Cruising in adverse weather conditions part two – A continuation of the previous week’s newsletter.
Cruising in adverse weather conditions – Steering a narrowboat over the glassy surface of a placid canal on windless day in the middle of summer is child’s play. Here’s what you need to do on a “normal” day’s cruise.
Following your dream – Is your goal to some day spend a life of leisure out on the canal network? This article might encourage you to make a move sooner rather than later.
Route finding for narrowboat owners – Here are the popular paper and digital route finders to help make navigating the network child’s play
Long term narrowboat hire – Is hiring a boat long term a realistic alternative to buying one?
living on board in the winter, the cost of living afloat generally and where you can moor your floating home are all subjects which are misunderstood by many aspiring narrowboat owners. Here’s what you need to know.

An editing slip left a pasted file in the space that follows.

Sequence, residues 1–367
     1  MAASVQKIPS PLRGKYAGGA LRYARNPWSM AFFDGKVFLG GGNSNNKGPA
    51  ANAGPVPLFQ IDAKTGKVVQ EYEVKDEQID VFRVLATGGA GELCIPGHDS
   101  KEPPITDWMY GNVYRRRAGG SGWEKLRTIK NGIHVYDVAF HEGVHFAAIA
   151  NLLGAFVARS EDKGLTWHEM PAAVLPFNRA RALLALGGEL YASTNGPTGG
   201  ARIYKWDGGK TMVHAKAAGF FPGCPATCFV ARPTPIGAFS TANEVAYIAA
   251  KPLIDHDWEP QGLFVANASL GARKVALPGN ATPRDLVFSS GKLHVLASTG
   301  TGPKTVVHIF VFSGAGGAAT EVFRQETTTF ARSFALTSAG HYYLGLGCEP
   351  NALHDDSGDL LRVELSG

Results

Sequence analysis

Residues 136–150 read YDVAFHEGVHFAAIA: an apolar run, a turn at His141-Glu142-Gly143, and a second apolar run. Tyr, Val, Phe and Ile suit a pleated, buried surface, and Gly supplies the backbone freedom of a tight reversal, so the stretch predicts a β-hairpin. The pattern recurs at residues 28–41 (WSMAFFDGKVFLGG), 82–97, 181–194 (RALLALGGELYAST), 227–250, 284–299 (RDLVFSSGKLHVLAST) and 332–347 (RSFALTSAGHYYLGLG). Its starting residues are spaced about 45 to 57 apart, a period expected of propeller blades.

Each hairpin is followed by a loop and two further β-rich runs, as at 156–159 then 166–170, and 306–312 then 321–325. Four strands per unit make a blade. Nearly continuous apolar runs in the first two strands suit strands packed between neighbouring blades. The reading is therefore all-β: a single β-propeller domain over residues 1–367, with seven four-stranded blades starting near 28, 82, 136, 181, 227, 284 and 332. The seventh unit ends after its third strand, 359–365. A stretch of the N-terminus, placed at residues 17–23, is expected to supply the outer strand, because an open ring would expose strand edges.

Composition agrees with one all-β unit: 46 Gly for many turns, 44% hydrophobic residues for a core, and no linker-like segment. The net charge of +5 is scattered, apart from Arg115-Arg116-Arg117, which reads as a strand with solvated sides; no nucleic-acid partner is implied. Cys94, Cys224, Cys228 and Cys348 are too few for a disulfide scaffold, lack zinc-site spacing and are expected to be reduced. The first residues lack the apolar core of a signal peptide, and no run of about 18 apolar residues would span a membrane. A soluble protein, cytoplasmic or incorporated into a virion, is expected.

Narrowboat heating, electrics and engine specifications – How is the perfect live aboard narrowboat configured? Here are a few suggestions
Essential boating equipment – Here’s the stuff every boater should carry on board
The pros and cons of a wide beam boat – More and more wannabe boaters are considering more spacious wide beams rather than narrowboat. There is clearly more living space on board but how practical are wide beam boats on the inland waterways?
The dreaded weed hatch – Sooner or later your engine will start to overheat, you’ll lose propulsion and you’ll know that you need to dive down your weed hatch to free an obstacle or two from the propeller. Here’s how to do it properly and a list of the tools you’ll need.